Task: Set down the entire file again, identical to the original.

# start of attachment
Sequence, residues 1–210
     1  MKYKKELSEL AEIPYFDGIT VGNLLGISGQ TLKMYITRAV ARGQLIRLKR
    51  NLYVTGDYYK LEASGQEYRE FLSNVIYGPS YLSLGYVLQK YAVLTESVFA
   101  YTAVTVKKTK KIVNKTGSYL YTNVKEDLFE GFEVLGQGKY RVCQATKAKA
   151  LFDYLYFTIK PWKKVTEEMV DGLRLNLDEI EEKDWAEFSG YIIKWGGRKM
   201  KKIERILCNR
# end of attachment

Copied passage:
Sequence, residues 1–210
     1  MKYKKELSEL AEIPYFDGIT VGNLLGISGQ TLKMYITRAV ARGQLIRLKR
    51  NLYVTGDYYK LEASGQEYRE FLSNVIYGPS YLSLGYVLQK YAVLTESVFA
   101  YTAVTVKKTK KIVNKTGSYL YTNVKEDLFE GFEVLGQGKY RVCQATKAKA
   151  LFDYLYFTIK PWKKVTEEMV DGLRLNLDEI EEKDWAEFSG YIIKWGGRKM
   201  KKIERILCNR